How Chabad saved 1,800 Jewish children

A largely unknown operation to rescue Jewish children from Iran began in the spring of 1979. The children travelled without their parents and were housed with families  of the Chabad – Lubavitch community in Brooklyn, USA. One was Anna Monahemi Kaplan, now New York state senator for the 7th district.  Chabad News tells the story: (With thanks: Michelle)

It was a cold day in the spring of 1979 when 13-year-old Anna
Monahemi arrived at John F. Kennedy Airport in New York. She came with a
group of 40 Jewish girls—all of them from Iran, each of them alone. Her
parents, like those of the other girls, had quietly bought her a ticket
to Rome and sent her off, not knowing when they would see her next.
There, the girls were greeted, processed and issued U.S. I-20 student
visas. Five days later, they were safely in America.

From JFK, Anna and the girls were brought directly to the Crown
Heights neighborhood of Brooklyn, N.Y., and placed with host
families—members of the Chabad-Lubavitch
community. This was not the only group of Iranian Jewish children in
Crown Heights. Since the end of 1978, planeloads of Jewish refugee
children had followed the same path to safety, intensifying after the
January 1979 fall of the Shah of Iran and the return from exile two
weeks later of the Shi’ite cleric Ayatollah Ruhollah Khomeini. By Passover
of 1979, there were 1,000 Iranian Jewish children staying in Crown
Heights with families, living in dorms, and studying in schools and
classes established especially for them in the neighborhood.

 A group of young Jews registering on arrival in the US in 1979

Jews had lived in what was long known as Persia for 2,500 years,
and at the time of the revolution, 100,000 of them called it home. They
were well-established and successful. But then came the Islamic
revolution, followed swiftly, 40 years ago this month, by the Islamist
seizure of power. Violence roiled the streets. Threats against Jews were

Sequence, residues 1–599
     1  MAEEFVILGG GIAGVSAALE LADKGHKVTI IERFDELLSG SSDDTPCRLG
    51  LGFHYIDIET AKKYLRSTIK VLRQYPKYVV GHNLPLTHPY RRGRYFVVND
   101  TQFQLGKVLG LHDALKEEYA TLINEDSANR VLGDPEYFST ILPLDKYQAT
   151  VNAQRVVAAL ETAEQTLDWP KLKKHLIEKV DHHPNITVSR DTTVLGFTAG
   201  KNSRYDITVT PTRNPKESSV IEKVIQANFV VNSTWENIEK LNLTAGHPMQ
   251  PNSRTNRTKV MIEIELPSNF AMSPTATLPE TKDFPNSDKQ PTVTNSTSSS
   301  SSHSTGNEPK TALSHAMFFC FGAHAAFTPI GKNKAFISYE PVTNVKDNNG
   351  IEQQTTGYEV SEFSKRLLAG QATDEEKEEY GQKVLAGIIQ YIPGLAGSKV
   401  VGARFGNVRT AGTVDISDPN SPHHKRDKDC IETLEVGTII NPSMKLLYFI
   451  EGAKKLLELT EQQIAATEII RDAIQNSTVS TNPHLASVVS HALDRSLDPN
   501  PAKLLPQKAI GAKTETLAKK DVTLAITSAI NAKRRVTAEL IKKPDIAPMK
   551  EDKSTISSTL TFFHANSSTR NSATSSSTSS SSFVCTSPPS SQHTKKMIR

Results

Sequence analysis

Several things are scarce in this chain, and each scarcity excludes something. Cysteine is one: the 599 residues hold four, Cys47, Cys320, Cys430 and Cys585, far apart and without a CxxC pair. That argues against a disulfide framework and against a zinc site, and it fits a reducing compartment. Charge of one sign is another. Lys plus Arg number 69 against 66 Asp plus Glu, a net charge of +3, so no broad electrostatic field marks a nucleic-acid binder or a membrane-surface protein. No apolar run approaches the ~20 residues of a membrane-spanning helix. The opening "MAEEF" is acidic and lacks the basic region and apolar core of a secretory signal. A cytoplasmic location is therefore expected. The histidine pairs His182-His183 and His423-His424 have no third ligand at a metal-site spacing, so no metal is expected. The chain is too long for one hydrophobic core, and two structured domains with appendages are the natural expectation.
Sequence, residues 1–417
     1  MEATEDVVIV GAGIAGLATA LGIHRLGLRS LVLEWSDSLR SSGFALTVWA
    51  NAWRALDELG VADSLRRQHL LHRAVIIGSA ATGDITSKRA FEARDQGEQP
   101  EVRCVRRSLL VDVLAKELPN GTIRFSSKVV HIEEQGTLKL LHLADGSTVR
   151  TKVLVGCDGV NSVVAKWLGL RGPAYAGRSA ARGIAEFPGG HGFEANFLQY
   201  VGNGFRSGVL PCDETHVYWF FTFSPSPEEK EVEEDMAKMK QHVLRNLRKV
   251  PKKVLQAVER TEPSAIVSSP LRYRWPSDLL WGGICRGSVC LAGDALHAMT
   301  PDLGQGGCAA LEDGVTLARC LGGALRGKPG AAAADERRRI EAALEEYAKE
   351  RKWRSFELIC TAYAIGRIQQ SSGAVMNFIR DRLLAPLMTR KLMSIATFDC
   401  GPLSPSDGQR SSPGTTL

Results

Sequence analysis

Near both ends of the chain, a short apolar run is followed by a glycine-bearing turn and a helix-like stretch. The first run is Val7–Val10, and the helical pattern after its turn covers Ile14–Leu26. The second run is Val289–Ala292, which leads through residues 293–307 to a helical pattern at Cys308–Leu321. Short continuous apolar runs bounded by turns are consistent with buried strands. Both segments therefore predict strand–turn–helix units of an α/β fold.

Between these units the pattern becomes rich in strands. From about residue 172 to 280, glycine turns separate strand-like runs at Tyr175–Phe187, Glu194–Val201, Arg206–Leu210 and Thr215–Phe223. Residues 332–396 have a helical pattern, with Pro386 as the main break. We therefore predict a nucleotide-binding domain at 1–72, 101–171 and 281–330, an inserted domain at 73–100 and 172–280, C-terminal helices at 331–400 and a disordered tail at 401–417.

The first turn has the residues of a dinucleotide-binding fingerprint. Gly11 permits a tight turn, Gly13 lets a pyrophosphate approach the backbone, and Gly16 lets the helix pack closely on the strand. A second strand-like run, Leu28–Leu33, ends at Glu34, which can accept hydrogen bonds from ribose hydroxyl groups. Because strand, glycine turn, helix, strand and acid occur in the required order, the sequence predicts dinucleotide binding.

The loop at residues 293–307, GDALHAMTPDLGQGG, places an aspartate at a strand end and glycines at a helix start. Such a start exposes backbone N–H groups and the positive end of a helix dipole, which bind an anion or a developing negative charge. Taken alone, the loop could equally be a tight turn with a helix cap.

followed by the arrest and murder of leaders in the Jewish community.
As the ground shifted under their feet, Persian Jews desperately sought
avenues of escape, especially for their children.

The answer came in the form of Operation Exodus,
a historic Chabad-Lubavitch effort, still largely unknown, to rescue
the Jewish children of Iran. With help from the Crown Heights community
and an army of volunteers, the operation was spearheaded by the late Rabbi Yaakov Yehudah (J.J.) Hecht,
the exuberant executive vice president of the National Committee for
the Furtherance of Jewish Education (NCFJE), and personally approved and
encouraged every step of the way by the Rebbe, Rabbi Menachem M. Schneerson,
of righteous memory.

Operation Exodus was by far the largest organized
effort to rescue the embattled Jews of Iran, and by the time it wrapped
up in 1981 had brought 1,800 children to the United States. While Hecht
was promised financial assistance from mainstream Jewish organizations,
much of it never materialized, leaving him to cover the expenses alone.
When Hecht passed away a decade later, his organization was still
millions of dollars in debt. Yet he never for a second regretted it;
there were Jewish children to be rescued, and he had gotten it done.

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